All of these problems combine to make Test perpetually perceived as the “long pole”, since most Test work is done very late in the milestone. Most modern product and feature teams acknowledge that involving Test early in the development process (that is, including testers in the feature specification process from at least the first spec review) brings big dividends. We can test the spec itself, ferret out inconsistencies, and identify areas that are not as testable as they could be.

We can also define our test cases at a conceptual level. We could write the test cases as well, but the effort required to keep each test case up-to-date in the face of continued changes in the feature definition, feature implementation, and fine tunings of the feature’s UI can be overwhelming and is often not worth the trouble.

As a result, testers can’t write very many tests until their developers release functionality to them. At this point the developers are done (until such time as the testers start logging bugs against the features, anyway) and so move on to something else. Implementing test cases and helper methods and test infrastructure takes time. Testers find and log bugs from the moment they start this process, but as the developers are now immersed in something new and exciting they are often reluctant to put that work down and return to a feature they are “done” with. Thus bugs languish and test cases incorporate workarounds that must later be removed when the corresponding bugs are fixed. By the time a tester finishes all this work another set of functionality has been released and is waiting for their attention and the cycle starts all over again.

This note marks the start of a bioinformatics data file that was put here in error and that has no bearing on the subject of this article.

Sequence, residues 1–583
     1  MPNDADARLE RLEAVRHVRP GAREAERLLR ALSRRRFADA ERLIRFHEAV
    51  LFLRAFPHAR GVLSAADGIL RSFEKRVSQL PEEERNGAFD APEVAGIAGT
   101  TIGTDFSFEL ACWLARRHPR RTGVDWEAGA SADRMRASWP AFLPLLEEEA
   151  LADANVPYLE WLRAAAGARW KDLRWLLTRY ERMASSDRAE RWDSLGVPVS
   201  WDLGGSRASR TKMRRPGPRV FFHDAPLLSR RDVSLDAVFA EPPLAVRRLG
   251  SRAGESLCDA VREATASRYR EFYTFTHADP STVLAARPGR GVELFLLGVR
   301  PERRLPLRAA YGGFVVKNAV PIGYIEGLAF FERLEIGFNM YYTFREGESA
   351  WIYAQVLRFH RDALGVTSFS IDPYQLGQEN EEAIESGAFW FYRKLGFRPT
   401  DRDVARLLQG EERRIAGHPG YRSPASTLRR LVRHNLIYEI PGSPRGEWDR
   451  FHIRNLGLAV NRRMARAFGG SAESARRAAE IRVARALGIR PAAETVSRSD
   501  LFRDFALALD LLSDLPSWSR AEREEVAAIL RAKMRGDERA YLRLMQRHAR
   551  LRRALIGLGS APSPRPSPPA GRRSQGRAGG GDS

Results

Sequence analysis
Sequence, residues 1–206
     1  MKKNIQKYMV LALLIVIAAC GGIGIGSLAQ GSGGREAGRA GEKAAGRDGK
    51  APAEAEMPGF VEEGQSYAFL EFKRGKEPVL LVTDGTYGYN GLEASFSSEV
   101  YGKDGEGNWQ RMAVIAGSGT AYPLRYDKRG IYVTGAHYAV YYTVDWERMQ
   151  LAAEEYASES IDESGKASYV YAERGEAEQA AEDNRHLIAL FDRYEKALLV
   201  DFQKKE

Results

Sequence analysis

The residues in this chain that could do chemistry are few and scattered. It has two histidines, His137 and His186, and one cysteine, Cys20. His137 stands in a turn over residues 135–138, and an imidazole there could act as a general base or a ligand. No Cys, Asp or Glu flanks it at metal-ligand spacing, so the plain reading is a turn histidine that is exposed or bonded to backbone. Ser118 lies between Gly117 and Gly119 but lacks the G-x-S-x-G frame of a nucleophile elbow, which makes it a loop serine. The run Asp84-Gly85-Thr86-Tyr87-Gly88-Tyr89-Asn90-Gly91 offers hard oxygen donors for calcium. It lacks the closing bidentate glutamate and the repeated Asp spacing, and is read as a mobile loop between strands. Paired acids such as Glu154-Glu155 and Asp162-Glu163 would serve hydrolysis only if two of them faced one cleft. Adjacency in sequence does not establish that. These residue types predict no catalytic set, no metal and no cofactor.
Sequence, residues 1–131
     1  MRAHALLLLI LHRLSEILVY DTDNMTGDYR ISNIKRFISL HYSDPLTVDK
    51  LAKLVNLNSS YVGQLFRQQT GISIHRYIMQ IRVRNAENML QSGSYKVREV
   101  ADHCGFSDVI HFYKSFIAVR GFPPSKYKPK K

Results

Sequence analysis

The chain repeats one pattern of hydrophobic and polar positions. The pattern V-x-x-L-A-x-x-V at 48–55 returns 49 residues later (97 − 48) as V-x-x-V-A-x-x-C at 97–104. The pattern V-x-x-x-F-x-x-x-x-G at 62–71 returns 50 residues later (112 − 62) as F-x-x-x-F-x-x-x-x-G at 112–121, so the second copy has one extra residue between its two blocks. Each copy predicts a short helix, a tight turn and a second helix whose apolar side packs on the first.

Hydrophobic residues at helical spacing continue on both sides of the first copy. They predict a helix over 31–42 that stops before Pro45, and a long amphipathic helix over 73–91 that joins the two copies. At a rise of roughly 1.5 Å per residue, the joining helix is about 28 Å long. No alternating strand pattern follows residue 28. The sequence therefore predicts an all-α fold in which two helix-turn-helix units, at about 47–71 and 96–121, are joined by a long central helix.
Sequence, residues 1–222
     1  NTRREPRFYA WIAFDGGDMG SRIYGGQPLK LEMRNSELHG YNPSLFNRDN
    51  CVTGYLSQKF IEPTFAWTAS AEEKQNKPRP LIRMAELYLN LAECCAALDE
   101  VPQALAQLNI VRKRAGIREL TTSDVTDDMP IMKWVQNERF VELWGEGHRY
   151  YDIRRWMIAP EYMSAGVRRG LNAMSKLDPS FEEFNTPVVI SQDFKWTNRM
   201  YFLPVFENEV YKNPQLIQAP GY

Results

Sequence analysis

We have developed a process for front-loading much of the testing process and for enabling Development and Program Management to do their part in the testing process without breaking the “separation between church and state” that a separate Test organization provides.